Sharing The Tax Burden When in a High Tax Bracket

Many Canadian tax payers become quite frustrated with the tax system because of the concept that the more money you make, the more tax you have to pay. For those individuals that are real “go getters”, and are working many hours in order to generate a large amount of income they sometimes feel like they are only working to pay taxes.

One type of tax advantage that is available to these individuals is income splitting. This is where the CRA will allow the high income earner to share some of his taxable income with the children or spouse. By doing this it puts the individual in a lower tax bracket. Tax is still being paid on the total amount earned but at a lower rate.


Another option is for the high income earner to make contributions to the spouse’s RRSP. When these are withdrawn the proceeds of the RRSP belong to the spouse. However, if any funds are withdrawn from that RRSP within two years of the deposit they will be attributed back to the spouse who made the deposit. This option is best used when the spouse has no income or at least very little.


When you are looking at the various options for splitting or sharing income it can be extremely complex because there are attribution rules that must be followed. Every individual who has the responsibility to file taxes should really consider making use of a tax accountant. When it comes to those taxpayers who have found themselves in the higher tax brackets then using the services of these individuals could be even more beneficial.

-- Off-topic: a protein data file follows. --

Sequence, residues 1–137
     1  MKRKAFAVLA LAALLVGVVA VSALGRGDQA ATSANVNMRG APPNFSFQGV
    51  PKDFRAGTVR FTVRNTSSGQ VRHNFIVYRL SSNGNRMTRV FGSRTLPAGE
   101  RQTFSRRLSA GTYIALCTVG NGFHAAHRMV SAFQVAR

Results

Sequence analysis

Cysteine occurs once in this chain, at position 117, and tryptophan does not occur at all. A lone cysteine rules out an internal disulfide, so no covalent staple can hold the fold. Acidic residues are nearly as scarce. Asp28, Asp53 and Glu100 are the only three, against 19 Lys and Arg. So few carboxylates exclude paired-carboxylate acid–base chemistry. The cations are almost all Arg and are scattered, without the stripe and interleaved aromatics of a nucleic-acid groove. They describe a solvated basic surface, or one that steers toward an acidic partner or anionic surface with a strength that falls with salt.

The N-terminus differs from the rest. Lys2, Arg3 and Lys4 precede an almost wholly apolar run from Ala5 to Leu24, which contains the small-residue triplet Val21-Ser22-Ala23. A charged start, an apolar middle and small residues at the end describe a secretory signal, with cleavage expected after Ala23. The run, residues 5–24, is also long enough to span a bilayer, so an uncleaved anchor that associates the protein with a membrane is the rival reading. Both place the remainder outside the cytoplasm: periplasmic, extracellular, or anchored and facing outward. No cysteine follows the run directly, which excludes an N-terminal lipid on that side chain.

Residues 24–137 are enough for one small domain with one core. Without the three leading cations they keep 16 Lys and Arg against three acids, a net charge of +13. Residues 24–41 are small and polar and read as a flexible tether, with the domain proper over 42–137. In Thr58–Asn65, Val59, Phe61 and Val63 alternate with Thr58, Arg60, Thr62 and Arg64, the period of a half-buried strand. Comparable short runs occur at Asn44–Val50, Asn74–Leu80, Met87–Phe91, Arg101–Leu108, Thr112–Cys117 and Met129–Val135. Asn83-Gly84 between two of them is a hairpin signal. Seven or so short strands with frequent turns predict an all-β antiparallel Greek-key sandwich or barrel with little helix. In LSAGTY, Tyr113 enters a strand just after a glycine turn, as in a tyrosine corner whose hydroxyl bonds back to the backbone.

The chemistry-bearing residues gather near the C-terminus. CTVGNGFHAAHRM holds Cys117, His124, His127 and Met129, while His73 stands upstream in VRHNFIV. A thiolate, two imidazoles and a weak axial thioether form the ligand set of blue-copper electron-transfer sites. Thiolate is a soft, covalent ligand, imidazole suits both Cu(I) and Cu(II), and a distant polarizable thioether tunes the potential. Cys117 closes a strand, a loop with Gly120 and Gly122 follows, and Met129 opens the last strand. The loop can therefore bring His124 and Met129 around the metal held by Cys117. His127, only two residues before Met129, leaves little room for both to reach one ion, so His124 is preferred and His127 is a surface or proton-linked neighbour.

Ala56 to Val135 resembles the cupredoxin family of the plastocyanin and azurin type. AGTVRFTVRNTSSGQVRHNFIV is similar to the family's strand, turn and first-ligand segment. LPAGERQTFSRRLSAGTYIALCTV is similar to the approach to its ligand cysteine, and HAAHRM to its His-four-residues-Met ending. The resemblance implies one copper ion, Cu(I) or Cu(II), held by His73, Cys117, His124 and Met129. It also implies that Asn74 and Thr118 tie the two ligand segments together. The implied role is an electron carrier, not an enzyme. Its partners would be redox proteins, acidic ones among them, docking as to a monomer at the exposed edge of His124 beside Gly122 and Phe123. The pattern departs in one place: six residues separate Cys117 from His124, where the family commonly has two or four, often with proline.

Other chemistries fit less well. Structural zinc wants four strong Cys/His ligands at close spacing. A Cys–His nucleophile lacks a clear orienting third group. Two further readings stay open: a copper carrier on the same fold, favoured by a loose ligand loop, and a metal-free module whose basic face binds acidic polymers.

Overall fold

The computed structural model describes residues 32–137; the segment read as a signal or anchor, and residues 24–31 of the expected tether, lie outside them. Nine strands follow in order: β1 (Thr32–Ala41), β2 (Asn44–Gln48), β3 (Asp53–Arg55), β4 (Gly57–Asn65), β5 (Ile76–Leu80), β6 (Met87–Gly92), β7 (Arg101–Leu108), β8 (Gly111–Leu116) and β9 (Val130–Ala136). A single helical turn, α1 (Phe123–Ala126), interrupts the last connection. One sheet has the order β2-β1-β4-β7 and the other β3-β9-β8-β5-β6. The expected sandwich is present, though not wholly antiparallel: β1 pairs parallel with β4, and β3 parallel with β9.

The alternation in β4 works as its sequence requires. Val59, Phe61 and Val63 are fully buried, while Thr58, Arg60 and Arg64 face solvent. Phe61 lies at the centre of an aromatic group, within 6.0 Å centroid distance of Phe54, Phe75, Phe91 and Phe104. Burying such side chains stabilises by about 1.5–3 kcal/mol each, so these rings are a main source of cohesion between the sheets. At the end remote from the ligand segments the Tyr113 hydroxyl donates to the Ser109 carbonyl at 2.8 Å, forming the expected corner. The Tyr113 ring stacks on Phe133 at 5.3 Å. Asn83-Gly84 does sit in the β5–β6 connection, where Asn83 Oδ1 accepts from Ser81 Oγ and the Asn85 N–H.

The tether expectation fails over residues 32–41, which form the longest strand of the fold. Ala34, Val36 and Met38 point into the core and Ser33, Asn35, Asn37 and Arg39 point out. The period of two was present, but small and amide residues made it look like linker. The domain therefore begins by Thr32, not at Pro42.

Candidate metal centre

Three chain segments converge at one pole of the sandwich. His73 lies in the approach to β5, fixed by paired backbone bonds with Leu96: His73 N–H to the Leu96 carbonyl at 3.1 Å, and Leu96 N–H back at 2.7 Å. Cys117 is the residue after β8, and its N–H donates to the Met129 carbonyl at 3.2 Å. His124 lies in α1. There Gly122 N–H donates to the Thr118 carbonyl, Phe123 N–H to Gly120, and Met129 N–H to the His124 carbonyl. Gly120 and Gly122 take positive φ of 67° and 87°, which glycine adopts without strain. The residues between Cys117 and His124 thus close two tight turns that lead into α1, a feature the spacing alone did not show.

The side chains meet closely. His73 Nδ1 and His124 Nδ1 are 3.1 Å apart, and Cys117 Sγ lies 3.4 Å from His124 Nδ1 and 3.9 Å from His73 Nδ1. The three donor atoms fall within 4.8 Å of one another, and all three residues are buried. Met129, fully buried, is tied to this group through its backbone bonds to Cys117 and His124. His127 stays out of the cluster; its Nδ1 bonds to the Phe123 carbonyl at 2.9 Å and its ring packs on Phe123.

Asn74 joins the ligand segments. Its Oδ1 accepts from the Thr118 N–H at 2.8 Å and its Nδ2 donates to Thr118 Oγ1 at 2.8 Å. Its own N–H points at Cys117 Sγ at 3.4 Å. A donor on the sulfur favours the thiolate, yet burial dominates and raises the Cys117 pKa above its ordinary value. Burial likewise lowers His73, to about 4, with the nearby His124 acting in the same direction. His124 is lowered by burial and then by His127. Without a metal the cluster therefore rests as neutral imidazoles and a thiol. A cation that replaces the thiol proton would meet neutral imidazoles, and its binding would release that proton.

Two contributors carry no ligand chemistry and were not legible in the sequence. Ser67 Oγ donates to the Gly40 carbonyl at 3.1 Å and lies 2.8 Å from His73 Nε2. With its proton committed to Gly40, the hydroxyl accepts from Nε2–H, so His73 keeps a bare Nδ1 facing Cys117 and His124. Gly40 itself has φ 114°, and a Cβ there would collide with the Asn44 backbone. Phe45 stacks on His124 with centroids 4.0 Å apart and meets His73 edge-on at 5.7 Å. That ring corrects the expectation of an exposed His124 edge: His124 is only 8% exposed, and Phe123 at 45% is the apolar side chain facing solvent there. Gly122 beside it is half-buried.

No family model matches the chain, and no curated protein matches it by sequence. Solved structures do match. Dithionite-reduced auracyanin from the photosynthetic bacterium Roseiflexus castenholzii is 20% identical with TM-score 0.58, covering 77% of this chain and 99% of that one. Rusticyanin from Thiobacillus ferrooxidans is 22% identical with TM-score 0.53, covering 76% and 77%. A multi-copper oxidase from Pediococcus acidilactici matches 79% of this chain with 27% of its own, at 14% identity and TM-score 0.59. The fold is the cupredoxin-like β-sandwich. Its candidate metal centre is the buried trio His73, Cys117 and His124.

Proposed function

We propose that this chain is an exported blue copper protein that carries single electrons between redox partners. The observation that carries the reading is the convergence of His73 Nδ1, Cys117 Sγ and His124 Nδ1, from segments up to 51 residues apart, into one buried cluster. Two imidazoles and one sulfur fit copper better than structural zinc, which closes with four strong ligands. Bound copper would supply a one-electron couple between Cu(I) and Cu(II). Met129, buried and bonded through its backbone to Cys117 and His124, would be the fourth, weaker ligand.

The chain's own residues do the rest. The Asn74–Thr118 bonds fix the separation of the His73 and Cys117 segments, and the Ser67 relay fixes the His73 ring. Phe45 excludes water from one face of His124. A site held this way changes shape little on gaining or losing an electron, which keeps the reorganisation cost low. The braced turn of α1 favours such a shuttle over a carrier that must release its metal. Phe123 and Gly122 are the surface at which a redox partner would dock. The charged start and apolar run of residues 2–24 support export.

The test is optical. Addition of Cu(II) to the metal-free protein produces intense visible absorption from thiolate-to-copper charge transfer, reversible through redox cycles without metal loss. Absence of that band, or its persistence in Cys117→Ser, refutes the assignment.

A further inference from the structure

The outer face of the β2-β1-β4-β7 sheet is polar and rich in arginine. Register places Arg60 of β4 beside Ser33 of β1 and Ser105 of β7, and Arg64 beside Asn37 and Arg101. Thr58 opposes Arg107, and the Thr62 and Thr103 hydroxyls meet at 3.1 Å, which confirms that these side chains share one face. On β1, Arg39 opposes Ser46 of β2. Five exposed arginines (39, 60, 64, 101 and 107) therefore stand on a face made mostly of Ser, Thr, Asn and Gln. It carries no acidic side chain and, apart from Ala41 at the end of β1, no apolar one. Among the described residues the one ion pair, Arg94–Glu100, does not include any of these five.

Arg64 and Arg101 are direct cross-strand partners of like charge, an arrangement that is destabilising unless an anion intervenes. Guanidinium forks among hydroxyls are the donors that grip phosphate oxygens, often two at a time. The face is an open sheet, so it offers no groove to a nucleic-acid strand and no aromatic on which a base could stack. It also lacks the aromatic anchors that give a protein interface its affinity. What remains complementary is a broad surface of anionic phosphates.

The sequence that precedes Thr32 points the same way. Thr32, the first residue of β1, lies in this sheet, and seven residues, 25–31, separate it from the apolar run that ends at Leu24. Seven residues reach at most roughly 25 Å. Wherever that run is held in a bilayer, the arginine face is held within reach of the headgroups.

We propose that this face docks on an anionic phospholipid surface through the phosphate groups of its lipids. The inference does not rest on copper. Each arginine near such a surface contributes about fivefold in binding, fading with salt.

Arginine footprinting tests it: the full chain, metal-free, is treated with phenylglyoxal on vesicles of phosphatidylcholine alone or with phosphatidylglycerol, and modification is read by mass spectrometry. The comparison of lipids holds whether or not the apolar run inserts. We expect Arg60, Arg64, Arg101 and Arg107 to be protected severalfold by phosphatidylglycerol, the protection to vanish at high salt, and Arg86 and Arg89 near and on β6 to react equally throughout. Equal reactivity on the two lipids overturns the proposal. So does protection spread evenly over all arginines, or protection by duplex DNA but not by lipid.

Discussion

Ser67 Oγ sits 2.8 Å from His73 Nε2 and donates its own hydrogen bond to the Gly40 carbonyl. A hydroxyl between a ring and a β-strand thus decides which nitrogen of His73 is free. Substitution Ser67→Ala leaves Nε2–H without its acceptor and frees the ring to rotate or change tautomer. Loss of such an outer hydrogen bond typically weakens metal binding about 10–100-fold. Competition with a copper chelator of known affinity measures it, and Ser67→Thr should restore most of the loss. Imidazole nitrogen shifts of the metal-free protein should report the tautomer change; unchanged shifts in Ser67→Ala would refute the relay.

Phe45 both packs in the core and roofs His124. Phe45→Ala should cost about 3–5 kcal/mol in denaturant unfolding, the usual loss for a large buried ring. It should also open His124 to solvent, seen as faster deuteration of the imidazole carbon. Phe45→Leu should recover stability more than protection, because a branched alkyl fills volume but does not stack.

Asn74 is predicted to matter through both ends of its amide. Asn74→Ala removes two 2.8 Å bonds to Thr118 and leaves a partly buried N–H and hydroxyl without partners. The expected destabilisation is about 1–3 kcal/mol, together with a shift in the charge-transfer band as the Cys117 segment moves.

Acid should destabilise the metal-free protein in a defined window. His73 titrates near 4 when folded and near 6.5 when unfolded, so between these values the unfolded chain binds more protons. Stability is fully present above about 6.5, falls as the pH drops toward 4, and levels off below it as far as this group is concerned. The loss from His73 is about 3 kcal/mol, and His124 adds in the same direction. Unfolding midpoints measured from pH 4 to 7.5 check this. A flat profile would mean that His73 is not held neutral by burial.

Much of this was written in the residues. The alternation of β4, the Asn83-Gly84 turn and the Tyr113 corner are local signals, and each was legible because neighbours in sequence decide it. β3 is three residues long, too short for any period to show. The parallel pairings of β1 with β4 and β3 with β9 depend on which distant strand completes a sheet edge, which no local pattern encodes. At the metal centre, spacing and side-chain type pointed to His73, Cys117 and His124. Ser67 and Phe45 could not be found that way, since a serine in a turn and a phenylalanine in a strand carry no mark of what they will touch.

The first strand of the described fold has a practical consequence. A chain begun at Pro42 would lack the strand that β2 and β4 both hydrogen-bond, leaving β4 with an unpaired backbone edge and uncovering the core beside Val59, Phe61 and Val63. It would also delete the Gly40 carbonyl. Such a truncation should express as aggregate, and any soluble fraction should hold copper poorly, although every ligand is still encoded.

There are other tax areas that can involve sharing your tax burden such as capital gains for minors. The attribution rules do not apply in this case but again it is a difficult tax area to comprehend. You may also be able to consider various types of loans, such as non-investment loans, business loans, fair market loans or short term loans.


It would appear as though there are a lot of potential options for income splitting in the Canada tax act, and there really is, but these are difficult to understand for the average person. This is just one of many reasons why those Toronto and area residents in high tax brackets may want to start with some beneficial tax planning under the guidance of a experienced professional Toronto accountant.


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Sam Seidman, CPA, CA, LPA
629 Sheppard Avenue West
Toronto, Ontario
M3H 2S3

Telephone: (416) 398-1700
Fax: (416) 398-6226

Chartered Professional Accountant, Chartered Accountant, Licensed Public Accountant


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